Fixed entity: If we are told that an entity is placed in one spot then we can just fill that directly into the diagram. This is the easiest type of rule to include. For example if we are told that the Schnauzer will be 3rd fastest then we can include it as follows:

Not in that spot: If we are told that a particular entity does not go in a particular spot we should add that directly to our diagram by putting the entity under that spot and desginating that it does not go there. There are number of ways to desginate that the entity does not go there. You can put a slash through it, or put ~ in front of the entity. Find one that works best for you. For example if we are told the the Poodle is not the fastest dog we can include it in our diagram as follows:

Here or There Pair notation:

This notation is used when two entities are going to fill two spots but we donâ€™t know which entity is in which spot. For example if K and T must be in spots 2 and 3. We know we either have K in 2 and T in 3 or T in 2 and K in 3.

The way to express this with the Here or There Pair notation is as follows:

What this means is that as soon as we place K or T we know exactly where the other entity must go. If we place K we know where T is and vice versa.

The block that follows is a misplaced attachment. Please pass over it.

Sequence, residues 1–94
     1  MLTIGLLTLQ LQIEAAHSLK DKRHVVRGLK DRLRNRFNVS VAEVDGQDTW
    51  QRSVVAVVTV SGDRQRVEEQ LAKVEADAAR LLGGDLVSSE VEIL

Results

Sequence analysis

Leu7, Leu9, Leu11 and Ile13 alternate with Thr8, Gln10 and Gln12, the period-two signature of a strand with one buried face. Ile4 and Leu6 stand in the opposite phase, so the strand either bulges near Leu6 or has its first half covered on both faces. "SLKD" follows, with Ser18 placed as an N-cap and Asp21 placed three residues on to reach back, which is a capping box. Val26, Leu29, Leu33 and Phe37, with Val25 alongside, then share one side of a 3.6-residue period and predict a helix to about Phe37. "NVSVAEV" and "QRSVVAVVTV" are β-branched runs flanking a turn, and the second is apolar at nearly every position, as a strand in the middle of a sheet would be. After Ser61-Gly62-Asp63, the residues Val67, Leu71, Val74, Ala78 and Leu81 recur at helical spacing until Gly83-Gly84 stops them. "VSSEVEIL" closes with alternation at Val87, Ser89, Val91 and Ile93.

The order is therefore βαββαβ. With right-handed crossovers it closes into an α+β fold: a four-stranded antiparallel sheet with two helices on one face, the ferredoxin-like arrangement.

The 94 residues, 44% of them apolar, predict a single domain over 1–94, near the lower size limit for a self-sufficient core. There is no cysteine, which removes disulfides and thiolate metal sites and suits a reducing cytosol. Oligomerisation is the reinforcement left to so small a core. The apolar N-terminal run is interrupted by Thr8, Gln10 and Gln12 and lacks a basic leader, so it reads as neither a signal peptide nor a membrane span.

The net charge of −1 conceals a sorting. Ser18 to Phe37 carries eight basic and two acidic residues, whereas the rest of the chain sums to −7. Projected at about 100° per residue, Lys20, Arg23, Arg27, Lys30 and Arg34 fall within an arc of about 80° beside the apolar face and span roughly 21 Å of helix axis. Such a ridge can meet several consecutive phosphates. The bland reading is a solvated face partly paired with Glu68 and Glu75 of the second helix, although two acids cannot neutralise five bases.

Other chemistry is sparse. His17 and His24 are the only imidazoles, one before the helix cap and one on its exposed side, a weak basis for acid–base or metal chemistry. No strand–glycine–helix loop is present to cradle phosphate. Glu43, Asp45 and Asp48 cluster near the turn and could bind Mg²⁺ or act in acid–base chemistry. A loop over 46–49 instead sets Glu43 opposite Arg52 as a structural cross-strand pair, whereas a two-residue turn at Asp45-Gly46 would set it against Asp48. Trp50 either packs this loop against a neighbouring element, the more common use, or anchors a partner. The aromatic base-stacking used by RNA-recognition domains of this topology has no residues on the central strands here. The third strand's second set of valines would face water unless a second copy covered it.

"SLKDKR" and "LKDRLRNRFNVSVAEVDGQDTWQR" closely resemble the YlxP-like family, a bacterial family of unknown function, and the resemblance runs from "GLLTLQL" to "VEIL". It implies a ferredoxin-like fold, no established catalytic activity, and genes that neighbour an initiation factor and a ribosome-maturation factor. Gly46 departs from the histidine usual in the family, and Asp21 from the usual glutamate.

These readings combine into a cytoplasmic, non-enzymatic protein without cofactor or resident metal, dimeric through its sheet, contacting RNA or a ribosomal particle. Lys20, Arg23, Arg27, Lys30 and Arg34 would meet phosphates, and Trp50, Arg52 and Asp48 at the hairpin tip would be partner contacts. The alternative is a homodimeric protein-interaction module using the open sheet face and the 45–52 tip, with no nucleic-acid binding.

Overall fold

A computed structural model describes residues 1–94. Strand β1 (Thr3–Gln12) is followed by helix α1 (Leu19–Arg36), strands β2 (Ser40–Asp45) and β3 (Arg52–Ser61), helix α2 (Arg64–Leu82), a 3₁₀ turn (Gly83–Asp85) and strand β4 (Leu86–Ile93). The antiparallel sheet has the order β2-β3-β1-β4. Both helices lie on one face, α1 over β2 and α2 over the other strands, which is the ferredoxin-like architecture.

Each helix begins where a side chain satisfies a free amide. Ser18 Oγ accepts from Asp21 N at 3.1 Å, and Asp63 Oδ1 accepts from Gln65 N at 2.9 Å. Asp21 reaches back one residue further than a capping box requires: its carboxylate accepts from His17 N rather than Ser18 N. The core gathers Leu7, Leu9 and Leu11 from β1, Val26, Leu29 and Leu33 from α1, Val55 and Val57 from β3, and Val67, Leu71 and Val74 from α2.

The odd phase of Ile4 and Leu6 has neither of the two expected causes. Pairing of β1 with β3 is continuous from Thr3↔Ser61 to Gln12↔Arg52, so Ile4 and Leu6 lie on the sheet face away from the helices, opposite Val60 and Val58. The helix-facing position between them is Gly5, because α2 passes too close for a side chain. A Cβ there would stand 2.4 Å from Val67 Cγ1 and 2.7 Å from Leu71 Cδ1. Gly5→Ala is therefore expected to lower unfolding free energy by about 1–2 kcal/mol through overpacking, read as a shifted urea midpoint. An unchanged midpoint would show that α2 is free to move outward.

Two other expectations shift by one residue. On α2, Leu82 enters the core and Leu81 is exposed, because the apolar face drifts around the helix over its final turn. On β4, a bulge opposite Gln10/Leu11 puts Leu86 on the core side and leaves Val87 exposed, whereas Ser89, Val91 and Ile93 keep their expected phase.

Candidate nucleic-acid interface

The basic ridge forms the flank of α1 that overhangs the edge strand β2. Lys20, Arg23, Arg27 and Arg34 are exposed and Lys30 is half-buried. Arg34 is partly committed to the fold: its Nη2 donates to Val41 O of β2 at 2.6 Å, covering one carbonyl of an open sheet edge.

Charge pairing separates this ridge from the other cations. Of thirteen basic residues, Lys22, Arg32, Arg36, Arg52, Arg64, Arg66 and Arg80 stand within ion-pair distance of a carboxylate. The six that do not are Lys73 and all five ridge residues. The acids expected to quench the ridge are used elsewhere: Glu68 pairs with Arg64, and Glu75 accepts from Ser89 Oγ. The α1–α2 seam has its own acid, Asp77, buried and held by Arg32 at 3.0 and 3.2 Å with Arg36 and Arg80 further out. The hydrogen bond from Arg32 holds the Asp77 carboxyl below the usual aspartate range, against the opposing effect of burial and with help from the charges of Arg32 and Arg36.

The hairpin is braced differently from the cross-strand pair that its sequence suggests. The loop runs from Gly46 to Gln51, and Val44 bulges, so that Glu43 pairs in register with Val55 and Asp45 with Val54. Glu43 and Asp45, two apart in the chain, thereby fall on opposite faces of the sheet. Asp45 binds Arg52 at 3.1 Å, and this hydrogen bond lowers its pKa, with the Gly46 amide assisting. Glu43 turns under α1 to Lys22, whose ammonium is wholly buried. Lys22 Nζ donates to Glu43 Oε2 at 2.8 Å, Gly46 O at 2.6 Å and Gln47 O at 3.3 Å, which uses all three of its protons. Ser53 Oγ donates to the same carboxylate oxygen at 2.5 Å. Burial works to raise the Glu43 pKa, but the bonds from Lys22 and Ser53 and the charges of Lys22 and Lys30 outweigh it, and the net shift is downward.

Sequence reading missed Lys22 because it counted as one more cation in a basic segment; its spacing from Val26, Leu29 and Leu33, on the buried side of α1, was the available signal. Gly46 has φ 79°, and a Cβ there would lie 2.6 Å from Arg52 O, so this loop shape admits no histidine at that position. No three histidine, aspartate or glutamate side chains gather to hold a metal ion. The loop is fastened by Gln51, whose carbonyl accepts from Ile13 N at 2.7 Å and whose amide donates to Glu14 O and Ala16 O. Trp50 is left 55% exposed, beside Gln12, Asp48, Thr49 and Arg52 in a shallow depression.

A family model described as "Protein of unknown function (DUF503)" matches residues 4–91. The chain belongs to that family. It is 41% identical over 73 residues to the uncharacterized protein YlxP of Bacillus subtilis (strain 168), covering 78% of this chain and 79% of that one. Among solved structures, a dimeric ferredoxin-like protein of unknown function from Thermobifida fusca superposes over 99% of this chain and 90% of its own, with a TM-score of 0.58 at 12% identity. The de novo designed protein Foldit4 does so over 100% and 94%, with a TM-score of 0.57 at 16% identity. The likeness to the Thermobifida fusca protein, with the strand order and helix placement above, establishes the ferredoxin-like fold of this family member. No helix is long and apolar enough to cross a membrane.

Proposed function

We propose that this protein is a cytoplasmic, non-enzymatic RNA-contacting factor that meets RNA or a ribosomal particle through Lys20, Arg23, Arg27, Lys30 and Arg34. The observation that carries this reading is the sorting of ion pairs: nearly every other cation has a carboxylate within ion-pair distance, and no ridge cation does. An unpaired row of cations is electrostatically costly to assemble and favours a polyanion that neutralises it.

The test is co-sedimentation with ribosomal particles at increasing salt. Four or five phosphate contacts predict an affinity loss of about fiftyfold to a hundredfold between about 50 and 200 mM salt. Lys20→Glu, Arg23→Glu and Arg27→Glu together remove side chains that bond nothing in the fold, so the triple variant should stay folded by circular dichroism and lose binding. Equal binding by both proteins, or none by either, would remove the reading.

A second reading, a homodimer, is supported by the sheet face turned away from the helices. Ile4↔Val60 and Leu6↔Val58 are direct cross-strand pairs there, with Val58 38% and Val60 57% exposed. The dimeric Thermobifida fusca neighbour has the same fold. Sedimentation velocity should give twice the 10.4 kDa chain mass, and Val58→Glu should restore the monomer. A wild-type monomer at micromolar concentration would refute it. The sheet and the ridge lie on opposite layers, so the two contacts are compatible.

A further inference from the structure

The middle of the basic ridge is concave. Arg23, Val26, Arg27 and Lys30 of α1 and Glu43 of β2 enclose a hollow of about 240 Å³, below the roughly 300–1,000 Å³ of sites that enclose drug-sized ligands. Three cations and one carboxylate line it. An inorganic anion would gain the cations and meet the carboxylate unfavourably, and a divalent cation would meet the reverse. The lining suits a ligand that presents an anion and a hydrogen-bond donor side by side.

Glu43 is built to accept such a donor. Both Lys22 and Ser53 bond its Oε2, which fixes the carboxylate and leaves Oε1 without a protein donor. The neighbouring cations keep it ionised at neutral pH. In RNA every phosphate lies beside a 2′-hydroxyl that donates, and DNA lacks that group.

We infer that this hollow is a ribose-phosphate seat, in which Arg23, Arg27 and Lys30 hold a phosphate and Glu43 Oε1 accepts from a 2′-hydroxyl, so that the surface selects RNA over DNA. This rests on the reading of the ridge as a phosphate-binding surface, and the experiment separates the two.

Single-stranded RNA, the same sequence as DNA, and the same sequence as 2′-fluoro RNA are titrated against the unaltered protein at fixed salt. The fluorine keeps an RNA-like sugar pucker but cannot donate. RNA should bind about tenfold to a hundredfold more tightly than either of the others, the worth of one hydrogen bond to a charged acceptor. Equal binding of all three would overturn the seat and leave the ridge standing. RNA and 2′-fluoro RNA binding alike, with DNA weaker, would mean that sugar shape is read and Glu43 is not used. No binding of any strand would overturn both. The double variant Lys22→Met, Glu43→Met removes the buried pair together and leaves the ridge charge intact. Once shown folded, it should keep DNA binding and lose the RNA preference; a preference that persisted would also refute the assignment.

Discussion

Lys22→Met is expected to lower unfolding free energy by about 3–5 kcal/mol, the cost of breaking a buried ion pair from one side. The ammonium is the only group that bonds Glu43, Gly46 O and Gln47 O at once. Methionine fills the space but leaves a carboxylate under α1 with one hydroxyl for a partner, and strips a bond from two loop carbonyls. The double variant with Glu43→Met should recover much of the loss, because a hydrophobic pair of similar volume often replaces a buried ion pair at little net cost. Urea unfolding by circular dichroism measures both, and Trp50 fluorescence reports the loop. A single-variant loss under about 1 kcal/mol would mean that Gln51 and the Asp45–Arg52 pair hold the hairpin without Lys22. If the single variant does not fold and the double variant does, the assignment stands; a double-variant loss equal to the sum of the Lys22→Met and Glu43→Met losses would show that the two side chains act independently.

If then Notation:

Use an arrow for If then statements. Just rewrite the if then statement replacing If and then with arrows. Also remember to shorten the entity to the first letter.

For example the statement: If Albert is included then Bert is also included. Can be expressed as:

A B

Also if we are told: If Gary is fifth then Wilma will be first. Can be expressed as:

G 5th W 1st

For more on if then statements see the Logical Reasoning Tutorial.

Spots Between notation:

If we are told that entities are a specific number of spots apart simply insert that many blank lines between them. For example: Two runners come after Sarah but before Fred. Can be expressed as:

S __ __ F

This can be combined with the Here or There Pair notation.

Example: Two runners come between Sarah and Fred.

S/F __ __ F/S

Grouping Game Diagrams:

In a Grouping game you are given a list of entities and asked to place them in groups.. A good diagram is essential for a Grouping game and you will often need to re-draw the diagram for each question. There are more diagramming tips on setting up grouping games in our Grouping Game Tutorial. We recommentd that you first complete this tutorial, then learn about Question Stems and then try some sample Linear Sequence Games before moving on to Grouping Games.

Diagrams and Notation tip:

When you are done with your diagram and notation it should be a complete representation of the entire game set up. What this means is that you should be able to understand everything you need to know about the game without referring to the introductory paragraph, game set up or rules of the game. It should all be expressed in your diagram and notations. You should never have to look back at the original game set up text once your diagram and rules notations are complete.

>> The next lesson in this course will teach you about Question Stems in LSAT Logic Games.